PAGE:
Multicycle mechanical performance of titanium and stainless steel transpedicular spine implants

David Pienkowski, George C. Stephens, Thomas M. Doers, Doris M. Hamilton

Research output: Contribution to journalArticlepeer-review

36 Scopus citations


Study Design. This was a prospective in vitro study comparing titanium alloy and stainless steel alloy in transpedicular spine implants from two different manufacturers. Objective. To compare the multicycle mechanical performance of these two alloys used in each of two different implant designs. Summary of Background Data. Transpedicular spine implants primarily have been manufactured from stainless steel, but titanium alloy offering imaging advantages. However, the notch sensitivity of titanium alloy has caused concern regarding how implants made from this material will compare stiffness and fatigue life with implants made from stainless steel. Methods. Twenty-four implants (two alloys, two designs, six implants per group) were mounted in machined polyethylene wafers and repetitively, loaded (up to 1 million cycles) from 80 N to 800 N using a 5-Hertz sinusoidal waveform. Load and displacement data were automatically and periodically sampled throughout the entire test. Results. Implant stiffness increased with cycle load number, reached a steady state, then declined just before fatigue failure. Stiffness varied less in titanium transpedicular spine implant than in their stainless counterparts. All stainless steel implant types were stiffer (steady-state value, P < 0.0001) than their titanium alloy counterparts. One titanium implant design failed with fewer (P < 0.05) load cycles than its stainless steel counterpart, whereas a stainless steel. Implant of another design failed with fewer (P = 0.002) load cycles than its titanium counterpart. Overall, fatigue life, i.e., the total number of load cycles until failure, was related to implant type (P < 0.0001) but not to implant material. Conclusions. A transpedicular spine implant's fatigue lifetime depends on both the design and the material and cannot be judged on material alone. Stainless steel implants are stiffer than titanium alloy implants of equal design and size, however, for those designs in which the fatigue life of the titanium alloy version is superior enlargement of the implants components can compensate for titanium's lower modulus of elasticity and result in an implant equally stiff as its stainless steel in counterpart. Such an implant mae from titanium alloy would then be clinically preferable because of titanium's previously reported imaging advantages.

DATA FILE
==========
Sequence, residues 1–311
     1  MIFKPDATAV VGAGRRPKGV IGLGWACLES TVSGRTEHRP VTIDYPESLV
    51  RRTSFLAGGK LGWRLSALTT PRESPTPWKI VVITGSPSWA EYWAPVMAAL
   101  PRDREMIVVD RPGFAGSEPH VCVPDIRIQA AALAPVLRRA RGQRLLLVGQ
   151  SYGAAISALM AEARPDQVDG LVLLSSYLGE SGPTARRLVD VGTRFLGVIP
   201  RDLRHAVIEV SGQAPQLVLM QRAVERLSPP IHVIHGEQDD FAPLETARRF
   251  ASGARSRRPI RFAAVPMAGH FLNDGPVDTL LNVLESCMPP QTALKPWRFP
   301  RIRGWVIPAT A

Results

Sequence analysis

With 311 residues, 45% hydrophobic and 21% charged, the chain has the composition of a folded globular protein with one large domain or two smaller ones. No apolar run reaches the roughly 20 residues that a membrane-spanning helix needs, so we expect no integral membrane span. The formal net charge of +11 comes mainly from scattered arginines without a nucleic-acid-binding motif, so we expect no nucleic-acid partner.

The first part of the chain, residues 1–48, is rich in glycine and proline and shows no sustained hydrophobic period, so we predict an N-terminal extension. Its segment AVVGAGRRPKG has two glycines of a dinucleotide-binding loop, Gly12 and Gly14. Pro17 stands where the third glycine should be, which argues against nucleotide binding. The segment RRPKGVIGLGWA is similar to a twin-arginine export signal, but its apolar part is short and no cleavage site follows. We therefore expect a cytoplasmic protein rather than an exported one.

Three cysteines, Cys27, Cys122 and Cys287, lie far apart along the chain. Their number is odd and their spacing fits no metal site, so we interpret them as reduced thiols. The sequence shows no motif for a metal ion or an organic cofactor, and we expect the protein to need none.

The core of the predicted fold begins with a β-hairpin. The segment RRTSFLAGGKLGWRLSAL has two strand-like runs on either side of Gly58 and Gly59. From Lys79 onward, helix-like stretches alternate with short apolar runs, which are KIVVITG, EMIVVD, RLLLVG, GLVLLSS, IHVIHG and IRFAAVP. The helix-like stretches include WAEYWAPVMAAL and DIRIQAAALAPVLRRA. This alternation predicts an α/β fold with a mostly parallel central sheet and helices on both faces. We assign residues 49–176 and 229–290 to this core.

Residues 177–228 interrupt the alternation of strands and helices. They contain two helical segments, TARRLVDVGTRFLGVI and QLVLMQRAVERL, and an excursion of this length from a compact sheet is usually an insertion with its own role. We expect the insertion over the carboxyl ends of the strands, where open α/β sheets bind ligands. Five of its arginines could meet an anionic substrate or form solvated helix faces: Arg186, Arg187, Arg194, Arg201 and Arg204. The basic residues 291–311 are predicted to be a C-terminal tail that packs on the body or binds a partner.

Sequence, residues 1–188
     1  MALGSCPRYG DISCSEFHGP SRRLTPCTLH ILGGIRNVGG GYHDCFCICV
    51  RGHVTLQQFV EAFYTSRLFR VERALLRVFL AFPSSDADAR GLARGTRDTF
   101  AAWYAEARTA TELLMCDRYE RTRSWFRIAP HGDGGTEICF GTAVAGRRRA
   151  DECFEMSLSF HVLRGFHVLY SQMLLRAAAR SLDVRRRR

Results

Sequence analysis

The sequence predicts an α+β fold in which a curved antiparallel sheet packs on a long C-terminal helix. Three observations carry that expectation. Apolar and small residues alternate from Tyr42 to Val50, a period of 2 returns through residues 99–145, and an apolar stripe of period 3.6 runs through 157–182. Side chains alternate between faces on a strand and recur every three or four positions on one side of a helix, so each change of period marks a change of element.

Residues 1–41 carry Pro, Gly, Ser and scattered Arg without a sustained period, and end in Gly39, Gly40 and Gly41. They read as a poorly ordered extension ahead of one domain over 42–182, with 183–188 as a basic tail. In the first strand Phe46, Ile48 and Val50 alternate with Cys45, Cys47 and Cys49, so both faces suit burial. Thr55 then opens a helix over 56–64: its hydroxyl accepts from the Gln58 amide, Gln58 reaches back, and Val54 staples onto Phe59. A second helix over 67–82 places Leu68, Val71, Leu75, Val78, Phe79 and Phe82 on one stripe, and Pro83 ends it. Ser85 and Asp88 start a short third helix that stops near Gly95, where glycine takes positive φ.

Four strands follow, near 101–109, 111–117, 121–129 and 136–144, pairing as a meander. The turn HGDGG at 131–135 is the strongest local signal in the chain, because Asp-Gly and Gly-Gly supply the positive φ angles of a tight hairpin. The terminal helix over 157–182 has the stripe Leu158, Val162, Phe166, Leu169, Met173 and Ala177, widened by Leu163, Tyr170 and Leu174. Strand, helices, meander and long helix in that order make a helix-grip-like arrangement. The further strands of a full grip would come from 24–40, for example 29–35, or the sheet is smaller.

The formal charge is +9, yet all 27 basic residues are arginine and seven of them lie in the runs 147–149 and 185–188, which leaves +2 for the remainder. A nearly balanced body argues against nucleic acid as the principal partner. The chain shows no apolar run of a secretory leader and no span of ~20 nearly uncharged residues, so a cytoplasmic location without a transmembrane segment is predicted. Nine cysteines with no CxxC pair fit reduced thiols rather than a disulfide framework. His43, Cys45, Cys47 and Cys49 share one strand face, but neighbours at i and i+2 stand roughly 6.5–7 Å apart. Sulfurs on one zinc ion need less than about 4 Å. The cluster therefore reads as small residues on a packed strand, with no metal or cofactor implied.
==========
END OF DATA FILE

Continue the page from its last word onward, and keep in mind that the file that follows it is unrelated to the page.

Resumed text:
Original languageEnglish
Pages (from-to)782-788
Number of pages7
Issue number7
StatePublished - Apr 1 1998


  • Corpectomy model
  • Fatigue life
  • Flexure stiffness
  • Spine implants
  • Stainless steel
  • Titanium alloy
  • Transpedicular

ASJC Scopus subject areas

  • Orthopedics and Sports Medicine
  • Clinical Neurology


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